War of the Rebellion: Serial 095 Page 0767 Chapter LVIII. THE APPOMATTOX CAMPAIGN.

Search Civil War Official Records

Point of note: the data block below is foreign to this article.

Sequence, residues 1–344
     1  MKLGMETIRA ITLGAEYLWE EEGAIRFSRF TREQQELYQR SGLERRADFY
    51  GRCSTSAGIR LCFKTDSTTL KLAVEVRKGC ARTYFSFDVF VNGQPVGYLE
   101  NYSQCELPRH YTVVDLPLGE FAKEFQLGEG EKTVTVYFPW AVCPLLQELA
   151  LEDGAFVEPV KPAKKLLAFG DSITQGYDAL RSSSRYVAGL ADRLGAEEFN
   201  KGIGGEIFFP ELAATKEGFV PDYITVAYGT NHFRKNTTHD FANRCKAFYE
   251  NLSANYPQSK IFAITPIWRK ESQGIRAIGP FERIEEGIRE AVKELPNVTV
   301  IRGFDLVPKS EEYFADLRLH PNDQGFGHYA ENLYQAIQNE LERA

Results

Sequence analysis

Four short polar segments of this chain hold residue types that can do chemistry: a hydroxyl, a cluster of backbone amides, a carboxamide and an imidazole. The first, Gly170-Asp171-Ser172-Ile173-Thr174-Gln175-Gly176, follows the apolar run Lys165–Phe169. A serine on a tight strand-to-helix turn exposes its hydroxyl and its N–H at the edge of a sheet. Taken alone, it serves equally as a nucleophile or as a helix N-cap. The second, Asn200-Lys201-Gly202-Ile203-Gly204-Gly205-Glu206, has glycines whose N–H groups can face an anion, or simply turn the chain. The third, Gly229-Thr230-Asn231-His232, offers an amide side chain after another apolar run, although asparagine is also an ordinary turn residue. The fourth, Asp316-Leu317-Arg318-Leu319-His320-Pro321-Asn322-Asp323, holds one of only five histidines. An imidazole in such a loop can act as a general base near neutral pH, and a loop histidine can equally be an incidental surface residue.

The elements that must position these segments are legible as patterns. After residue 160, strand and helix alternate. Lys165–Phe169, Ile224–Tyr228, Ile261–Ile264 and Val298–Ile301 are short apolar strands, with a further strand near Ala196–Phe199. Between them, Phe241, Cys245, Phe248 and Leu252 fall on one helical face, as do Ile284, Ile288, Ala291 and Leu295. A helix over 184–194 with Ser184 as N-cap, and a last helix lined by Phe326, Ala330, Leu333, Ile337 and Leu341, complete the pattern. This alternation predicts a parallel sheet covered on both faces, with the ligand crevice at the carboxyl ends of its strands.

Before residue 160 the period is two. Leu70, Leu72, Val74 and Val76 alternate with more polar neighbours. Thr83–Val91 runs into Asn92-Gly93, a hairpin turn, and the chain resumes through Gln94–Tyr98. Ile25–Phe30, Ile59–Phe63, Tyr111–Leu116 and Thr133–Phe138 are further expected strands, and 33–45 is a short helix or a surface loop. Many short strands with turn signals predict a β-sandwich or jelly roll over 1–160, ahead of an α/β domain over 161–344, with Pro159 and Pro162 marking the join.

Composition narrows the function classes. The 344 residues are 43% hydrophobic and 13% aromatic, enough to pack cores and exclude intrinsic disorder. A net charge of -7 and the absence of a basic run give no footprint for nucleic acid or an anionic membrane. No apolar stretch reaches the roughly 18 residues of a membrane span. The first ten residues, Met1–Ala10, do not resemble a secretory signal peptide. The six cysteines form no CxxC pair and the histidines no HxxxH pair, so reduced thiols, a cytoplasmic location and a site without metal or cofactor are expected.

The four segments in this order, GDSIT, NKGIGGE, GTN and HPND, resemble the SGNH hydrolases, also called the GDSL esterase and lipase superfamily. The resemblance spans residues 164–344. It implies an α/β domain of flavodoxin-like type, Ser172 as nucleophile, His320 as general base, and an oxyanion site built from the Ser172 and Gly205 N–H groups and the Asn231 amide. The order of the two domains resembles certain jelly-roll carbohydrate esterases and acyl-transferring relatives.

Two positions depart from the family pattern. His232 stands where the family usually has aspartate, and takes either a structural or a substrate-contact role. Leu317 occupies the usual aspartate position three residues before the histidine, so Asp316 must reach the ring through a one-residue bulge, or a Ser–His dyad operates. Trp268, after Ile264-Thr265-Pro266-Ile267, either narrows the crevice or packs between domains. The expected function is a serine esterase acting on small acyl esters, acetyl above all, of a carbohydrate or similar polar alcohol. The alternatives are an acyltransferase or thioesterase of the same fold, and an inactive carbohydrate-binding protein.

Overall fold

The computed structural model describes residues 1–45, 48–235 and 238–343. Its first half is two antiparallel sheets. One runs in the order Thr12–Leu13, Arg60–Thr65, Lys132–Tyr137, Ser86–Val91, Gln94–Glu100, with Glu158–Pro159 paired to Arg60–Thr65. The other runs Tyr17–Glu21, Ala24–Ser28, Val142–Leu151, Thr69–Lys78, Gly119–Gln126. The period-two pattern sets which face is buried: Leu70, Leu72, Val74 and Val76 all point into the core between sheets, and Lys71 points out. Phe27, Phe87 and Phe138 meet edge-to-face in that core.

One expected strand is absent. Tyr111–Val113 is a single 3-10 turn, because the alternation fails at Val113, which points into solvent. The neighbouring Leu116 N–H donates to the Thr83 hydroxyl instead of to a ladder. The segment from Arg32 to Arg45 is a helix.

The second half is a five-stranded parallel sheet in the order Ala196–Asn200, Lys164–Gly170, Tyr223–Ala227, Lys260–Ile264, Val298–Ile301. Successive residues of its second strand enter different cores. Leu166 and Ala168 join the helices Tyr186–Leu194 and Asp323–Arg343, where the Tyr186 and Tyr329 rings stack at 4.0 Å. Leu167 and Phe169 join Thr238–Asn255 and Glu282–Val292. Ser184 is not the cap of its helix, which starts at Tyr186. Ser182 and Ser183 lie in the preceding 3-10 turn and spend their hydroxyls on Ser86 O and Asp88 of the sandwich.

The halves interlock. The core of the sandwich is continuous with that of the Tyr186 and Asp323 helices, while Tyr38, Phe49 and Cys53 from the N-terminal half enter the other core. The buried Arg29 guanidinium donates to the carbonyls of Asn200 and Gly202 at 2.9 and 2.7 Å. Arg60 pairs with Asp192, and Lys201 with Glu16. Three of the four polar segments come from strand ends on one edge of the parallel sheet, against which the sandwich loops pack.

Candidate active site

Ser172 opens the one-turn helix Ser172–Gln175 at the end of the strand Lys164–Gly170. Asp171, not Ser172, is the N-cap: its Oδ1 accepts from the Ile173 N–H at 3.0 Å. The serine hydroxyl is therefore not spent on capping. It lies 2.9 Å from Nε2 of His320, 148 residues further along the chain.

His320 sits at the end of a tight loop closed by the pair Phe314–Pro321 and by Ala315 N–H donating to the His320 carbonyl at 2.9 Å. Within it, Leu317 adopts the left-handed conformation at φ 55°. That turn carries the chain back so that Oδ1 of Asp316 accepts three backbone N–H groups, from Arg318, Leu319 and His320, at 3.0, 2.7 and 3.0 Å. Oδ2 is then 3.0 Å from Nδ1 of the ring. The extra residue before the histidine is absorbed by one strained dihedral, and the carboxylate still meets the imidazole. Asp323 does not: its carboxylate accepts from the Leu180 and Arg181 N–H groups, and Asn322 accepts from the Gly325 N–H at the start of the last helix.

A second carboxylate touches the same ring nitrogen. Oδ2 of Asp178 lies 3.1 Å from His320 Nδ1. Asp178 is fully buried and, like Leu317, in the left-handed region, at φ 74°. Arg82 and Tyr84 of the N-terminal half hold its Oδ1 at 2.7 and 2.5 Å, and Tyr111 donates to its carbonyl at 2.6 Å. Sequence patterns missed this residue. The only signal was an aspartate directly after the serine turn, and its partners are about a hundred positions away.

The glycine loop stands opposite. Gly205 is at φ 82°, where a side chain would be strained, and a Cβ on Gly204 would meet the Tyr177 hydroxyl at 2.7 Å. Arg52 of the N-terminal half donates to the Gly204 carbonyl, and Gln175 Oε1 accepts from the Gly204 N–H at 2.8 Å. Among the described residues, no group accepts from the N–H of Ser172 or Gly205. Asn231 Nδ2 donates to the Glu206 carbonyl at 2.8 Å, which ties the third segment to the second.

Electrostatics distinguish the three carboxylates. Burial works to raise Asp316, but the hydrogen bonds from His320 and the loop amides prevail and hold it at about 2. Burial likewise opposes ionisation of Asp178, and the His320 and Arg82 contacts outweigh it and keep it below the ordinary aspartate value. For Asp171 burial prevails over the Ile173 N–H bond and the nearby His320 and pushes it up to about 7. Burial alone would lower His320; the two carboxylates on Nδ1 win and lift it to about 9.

Brigade; held this position until 2 a. m. April 2, when brigade was ordered to report to General Mott on our left. A detachment of the Tenth New York Volunteers, Captain Van Winkle, the Fourth Ohio, in charge of Captain S. W. De Witt and Captain Lewis Rounds, and half of the Fourteenth Connecticut Volunteers, under command of Captain William Murdock, were left on the skirmish line, and participated in the attack at that point which resulted in the capture of a fort, several pieces of artillery, and a number of prisoners, the detachment of the Fourth Ohio Volunteers, under Captain L. Rounds, taking 67 prisoners, and the Tenth New York detachment, Captain Van Winkle, taking 30 prisoners. The One hundred and sixth Battalion of Pennsylvania Volunteers, Captain Gallager, was organized for field service in conjunction with Sixty-ninth Pennsylvania Volunteers, Captain Charles McAnally, and participated in all the movements of the last-named command. The brigade - consisting (exclusive of those left on the skirmish line) of the First Delaware Volunteers, a portion of the Tenth New York, a portion of the fourteenth Connecticut, the Seventh Virginia, One hundred and eighth New York, Twelfth New Jersey, Sixty-ninth Pennsylvania, and the One hundred and sixth Pennsylvania Volunteers - moved to the left and took position on the left of the Third Division. When the enemy were discovered to have evacuated we marched with the Third Division to Cox's road, near Petersburg, and on the arrival of the Second Division we were joined by the detachment of our brigade left on the skirmish line, who had participated in the attack at that point under General Hays. General Smyth then received an order from General Humphreys to rejoin his division, under General Hays. The division then moved down the South Side Railroad, this brigade resting for the night on the railroad, about nine miles from Petersburg. In the morning we returned to near Petersburg, starting at 6 a. m. We were then ordered to turn back, and marched until 11 p. m., halting for the night near Namozine Church. On the morning of the 4th instant we moved at 7 a. m., an d halted about 1.30 p. m. near the forks of Burkeville and Amelia Court-House roads. Taking the road in the direction of Jetersville, we halted for the night at 9 p. m. in line of battle, our brigade on the right. Our command was entirely out of rations and the men worn out. we received orders to move at midnight (12 p.m.), but were obliged to wait to issue rations to the command. As soon as rations were issued we moved on in advance of the corps, this brigade in advance of the division. We passed Dennisville about 9 a. m., and reached the Fifth Corps, near Jetersville, at 2.30 p. m. The marching on this day was very hard, the day warm and the roads bad. We found the Fifth Corps in line, fortified, and our division was formed in line on the left of the Fifth Corps, this brigade on the right, with our right resting on the railroad at or near Jetersville. the enemy reported to be advancing, we built works and remained in this position until the morning of the 6th instant, when we received orders to advance and attack the enemy's works. General Smyth then sent out the Seventh Virginia, fourth Ohio, and Seventh Michigan (of the First Brigade) as skirmishers. Taking a northeast direction we advanced about a mile, finding a few of the enemy's cavalry in our front, our brigade on the right and marching by the flank in rear of the skirmishers. About 9 o'clock General Smyth was called on to take command of the division, and the command for a short time devolved on Colonel Daniel Woodall, First Delaware Volunteers. About 10 o'clock, or near that time, General F. Barlow assumed command of the division, and General Smyth returned to the command of the brigade. The enemy having gone around on our